Private equity has made its presence felt in financial adviser firms in the past few years as a number of private equity investors have bought financial planning businesses, built them up and sold them on.
Two companies this has happened to, at least in part, came together last year – Tilney Bestinvest and Towry. Now the dust has settled and the brand has changed to simply Tilney, Peter Hall, the company's chief executive, is looking for more acquisitions.
He said: "We are looking for a different type of acquisition. We're focused on acquiring smaller financial advisory businesses across the UK, that share our belief in high levels of professionalism."
Tilney Bestinvest, as it was then, agreed to buy Towry for £600m last year, a deal that brought the company many more financial advisers. It now has 220 financial planners and 140 investment advisers, across 30 offices around the country.
Mr Hall is actively looking for more that could fill geographical gaps left after the deal, and is in talks with six other firms.
Mr Hall said: "In Towry, there were more financial planners than investment advisers, and in Tilney there were more investment advisers than financial planners. Put it together and you've got a really good fit with financial planners and investment advisers around the country."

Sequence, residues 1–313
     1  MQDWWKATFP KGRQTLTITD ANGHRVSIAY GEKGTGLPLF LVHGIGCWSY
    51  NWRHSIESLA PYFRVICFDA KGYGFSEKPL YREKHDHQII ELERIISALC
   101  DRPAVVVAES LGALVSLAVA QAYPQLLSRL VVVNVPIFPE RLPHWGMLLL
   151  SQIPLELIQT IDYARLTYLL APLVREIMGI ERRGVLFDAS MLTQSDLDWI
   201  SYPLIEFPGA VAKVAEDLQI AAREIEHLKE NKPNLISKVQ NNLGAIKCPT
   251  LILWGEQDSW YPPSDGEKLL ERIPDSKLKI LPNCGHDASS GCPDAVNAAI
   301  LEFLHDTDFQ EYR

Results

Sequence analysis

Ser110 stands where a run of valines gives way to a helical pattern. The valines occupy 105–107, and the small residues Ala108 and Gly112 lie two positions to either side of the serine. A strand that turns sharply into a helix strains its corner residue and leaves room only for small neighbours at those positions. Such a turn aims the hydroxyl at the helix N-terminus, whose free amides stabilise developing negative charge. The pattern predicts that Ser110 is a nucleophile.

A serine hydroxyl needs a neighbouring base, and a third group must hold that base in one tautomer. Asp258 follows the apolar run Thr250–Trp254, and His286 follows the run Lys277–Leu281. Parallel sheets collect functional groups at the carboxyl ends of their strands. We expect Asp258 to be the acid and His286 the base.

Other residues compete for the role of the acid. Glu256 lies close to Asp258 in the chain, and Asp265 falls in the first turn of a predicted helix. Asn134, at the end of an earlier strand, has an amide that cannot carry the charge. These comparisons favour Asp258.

Tilney operates a two-expert approach, which means that every financial planning client will have both an investment adviser and financial planner looking at their case.
Mr Hall said: "We want to be able to help clients who have anything from £50,000 to more than £5m. At the lower end we have the online investment service, for Bestinvest clients, setting up a Sipp, for example; we have a big and expanding telephone service looking after clients who have over £75,000; and we've got 360 advisers for all face-to-face relationships, for client with more than £150,000. We can help a very broad range of clients."
Mr Hall was brought in by Bestinvest's former owner, 3i Group, another private equity company – which had already bought Bestinvest from its founder John Spiers – in 2010. Bestinvest then merged with Tilney in 2014 after Permira bought Tilney from Deutsche Bank in the previous autumn.
This approach to deal-making on the part of private equity firms, which often look for an exit with a substantial profit after three years, has led some to believe that this type of owner of financial advice businesses has a shorter time horizon than more conventional owners – be it public shareholders or owner managers – which could affect the strategic direction of the business.
Mr Hall said: "I don't believe this at all. We have a much longer time horizon, because we're able to invest for a much longer time frame. We've put lots of money into investing in systems, we have all the resources to make these acquisitions, and these are investments that really will build up the firm to be the best it can be over a five to 10-year timeframe. It's a long payback.